During his radiology residency training in Boston, Jay Pahade, MD, learned a lot from a co-resident who was supervising a CT scan with intravenous contrast when things went horribly wrong. The 30-year-old patient had an adverse reaction to the contrast agent and needed epinephrine to help her breathe. But after receiving the wrong concentration of epinephrine, she suffered a heart attack and the case went to litigation. The patient survived, but Dr. Pahade carried the memory of the crisis with him as he completed his training and began his practice.
After joining the Department of Radiology & Biomedical Imaging at Yale School of Medicine (YSM) in 2011, Dr. Pahade developed a program to train radiologists and radiology residents, fellows, and nurses to recognize contrast reaction in patients and to provide prompt care with the correct treatment.
Dr. Pahade, associate professor of Radiology & Biomedical Imaging at YSM, and the department’s vice chair for quality and safety, and his team, train 200 health care workers each year, including 150 radiologists, radiology residents and fellows, and 50 nurses. The hands-on training takes place in the SYN:APSE Simulation Center on the campus of Yale New Haven Hospital. Dr. Pahade also is the medical director for radiology quality & safety for the Yale New Haven Health System.
“Contrast reactions are one of the rare events in the radiology department that can cause patient death,” Dr. Pahade said. “You might have one anaphylaxis reaction in your entire career, but because it can have such a profound impact, I feel the training is worthwhile.”
During the training, Pahade and his team use a mannequin as a stand-in for a patient experiencing allergy-like symptoms after receiving a contrast agent, such as an iodine-based agent used for a CT scan or a gadolinium-based agent used for a magnetic resonance (MRI) exam. Contrast agents are used to enhance the quality of the images.
The training for a small team of radiology staff begins when Dr. Pahade or another facilitator provides a brief history and course of events, similar to what radiology technologists do when a radiologist responds to a call for help. A specialist from the simulation center manipulates the mannequin’s reaction from behind a one-way mirror. The mannequin might appear to be short of breath, or its tongue might swell, simulating an adverse reaction that can be mild, moderate or severe. The vital signs and physical exam findings can change just like a patient in real life during the course of a reaction. The simulation center staff speaks to the team through speakers in the room so a conversation occurs between the treating providers and the “patient.”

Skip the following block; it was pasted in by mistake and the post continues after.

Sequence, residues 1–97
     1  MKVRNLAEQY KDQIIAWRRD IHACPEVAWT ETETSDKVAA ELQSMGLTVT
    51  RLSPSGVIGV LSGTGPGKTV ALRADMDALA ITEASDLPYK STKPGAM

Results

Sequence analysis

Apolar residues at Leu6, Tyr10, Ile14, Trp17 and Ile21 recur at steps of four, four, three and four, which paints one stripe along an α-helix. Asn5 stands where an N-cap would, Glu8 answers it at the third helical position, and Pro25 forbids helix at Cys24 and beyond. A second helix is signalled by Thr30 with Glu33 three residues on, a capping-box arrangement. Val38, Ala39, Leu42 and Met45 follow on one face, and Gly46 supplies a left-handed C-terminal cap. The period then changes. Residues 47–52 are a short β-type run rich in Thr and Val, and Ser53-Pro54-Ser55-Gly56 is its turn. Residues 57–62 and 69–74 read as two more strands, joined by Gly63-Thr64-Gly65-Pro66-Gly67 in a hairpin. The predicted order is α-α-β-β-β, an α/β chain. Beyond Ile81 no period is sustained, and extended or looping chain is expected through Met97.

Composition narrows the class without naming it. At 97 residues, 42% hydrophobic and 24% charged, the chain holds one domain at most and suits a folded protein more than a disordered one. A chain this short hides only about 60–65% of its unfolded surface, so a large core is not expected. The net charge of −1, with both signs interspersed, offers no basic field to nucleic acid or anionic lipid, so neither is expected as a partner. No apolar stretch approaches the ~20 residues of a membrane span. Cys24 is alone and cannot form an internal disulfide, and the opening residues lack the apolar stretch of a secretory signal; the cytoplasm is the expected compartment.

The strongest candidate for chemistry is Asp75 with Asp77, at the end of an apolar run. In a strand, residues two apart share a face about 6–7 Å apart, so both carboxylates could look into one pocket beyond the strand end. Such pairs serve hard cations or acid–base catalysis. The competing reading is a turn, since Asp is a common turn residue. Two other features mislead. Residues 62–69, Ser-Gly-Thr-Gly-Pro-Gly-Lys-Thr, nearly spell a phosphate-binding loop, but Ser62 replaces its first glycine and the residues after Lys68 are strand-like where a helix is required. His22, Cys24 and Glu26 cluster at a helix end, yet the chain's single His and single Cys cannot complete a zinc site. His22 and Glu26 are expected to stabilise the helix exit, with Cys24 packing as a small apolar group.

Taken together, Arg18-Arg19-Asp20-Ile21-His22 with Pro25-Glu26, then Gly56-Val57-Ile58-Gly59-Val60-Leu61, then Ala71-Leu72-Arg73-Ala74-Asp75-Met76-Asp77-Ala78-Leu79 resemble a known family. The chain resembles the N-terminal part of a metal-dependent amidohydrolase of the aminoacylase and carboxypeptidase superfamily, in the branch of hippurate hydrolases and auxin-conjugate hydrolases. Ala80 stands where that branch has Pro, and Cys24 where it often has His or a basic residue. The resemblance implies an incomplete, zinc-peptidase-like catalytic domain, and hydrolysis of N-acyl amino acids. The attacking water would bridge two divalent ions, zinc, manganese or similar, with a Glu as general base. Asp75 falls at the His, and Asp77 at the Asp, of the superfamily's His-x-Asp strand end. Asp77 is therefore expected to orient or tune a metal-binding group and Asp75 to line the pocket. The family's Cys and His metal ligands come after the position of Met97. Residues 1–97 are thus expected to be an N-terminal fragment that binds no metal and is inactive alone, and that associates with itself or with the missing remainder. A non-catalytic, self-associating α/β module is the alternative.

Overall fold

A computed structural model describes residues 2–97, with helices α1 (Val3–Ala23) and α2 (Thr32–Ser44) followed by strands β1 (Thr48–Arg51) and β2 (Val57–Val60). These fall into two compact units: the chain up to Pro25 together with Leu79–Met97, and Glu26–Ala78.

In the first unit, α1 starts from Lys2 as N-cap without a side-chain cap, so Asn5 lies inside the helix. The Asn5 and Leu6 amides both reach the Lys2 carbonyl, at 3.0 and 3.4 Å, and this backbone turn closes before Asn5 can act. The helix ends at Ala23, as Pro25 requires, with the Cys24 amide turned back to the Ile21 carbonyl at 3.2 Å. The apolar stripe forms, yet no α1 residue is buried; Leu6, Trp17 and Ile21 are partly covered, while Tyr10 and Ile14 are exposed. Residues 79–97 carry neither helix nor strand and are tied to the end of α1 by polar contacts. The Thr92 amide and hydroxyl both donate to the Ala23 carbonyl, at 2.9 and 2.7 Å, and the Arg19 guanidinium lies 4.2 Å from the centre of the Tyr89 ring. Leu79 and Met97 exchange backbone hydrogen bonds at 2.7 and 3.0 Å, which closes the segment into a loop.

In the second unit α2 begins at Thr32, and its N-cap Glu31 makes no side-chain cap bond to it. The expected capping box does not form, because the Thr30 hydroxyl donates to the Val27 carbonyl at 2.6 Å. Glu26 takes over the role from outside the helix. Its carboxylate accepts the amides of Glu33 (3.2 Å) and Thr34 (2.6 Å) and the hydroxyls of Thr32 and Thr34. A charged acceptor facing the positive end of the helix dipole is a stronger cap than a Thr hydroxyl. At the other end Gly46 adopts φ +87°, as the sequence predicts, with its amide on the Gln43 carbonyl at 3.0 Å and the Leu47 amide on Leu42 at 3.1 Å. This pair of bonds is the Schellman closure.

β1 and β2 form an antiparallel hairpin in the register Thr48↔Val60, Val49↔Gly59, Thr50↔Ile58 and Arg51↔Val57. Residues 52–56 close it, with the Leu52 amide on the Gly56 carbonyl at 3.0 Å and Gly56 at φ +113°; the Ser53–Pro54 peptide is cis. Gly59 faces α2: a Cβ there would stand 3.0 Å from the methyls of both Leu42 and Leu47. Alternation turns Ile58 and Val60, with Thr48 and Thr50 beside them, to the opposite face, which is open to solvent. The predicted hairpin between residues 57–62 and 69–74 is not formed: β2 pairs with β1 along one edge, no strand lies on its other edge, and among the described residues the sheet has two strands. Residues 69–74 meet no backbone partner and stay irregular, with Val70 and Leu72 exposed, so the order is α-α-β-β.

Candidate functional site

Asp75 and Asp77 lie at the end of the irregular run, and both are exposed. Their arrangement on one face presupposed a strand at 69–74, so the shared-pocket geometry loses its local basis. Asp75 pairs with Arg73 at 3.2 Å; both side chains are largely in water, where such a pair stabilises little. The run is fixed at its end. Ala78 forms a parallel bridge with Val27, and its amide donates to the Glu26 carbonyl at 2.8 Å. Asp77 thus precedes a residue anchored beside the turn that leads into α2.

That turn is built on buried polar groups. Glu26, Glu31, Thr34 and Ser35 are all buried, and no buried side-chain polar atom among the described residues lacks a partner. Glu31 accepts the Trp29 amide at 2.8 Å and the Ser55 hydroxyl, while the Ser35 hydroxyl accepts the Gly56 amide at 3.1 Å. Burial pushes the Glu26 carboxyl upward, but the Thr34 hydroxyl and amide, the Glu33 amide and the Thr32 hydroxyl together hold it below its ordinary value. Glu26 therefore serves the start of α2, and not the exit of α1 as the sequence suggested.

“The mannequin might have a scratchy throat, or say, ‘I feel my throat closing up,’” said Jennifer Arango, MPH, senior program manager for radiology & biomedical imaging at YSM. “The people being trained know they need to give a nebulizer, but do they know how to do it?” Arango said. “Do they pour the Albuterol into the apparatus first, or do they turn on the oxygen first? And when it is time to give epinephrine, is the right dose and route of administration performed accurately? These are the steps we take them through.”
When an adverse reaction occurs, it’s important for the team members to communicate, said Jannatun Sikder, MD, a second-year radiology resident and one of the program’s facilitators. “Through the training we learn the collaborative skills necessary to work in an emergent situation and to not be afraid to step up and assign roles,” noted Dr. Sikder.
“This is a supportive environment for learning where making a mistake won’t affect the quality of someone’s life,” Dr. Sikder added. “It allows us to familiarize ourselves with the equipment to prevent us from blindly looking for things or trying to learn to correctly attach equipment in an emerging crisis. When your adrenaline is running, having a working motor memory can be helpful.”
The purpose of the training is to stabilize the patient so they can be moved to the emergency room. “We have to recognize the reaction and its severity, and promptly administer the correct treatment until the patient can get to a higher acuity place to manage them,” Dr. Pahade said.
Dr. Pahade and other medical professionals have learned from the aviation industry how to mitigate dangerous, albeit rare, events. “You can’t crash planes to train pilots, so you have to find a better way to practice low-frequency events that have a high impact. High-fidelity simulation training fills that niche,” Dr. Pahade said.
“Contrast reactions are nerve-wracking events that cause panic for both patients and responding providers. I often joke that the radiologist’s pulse is usually faster than the patient’s,” Dr. Pahade said.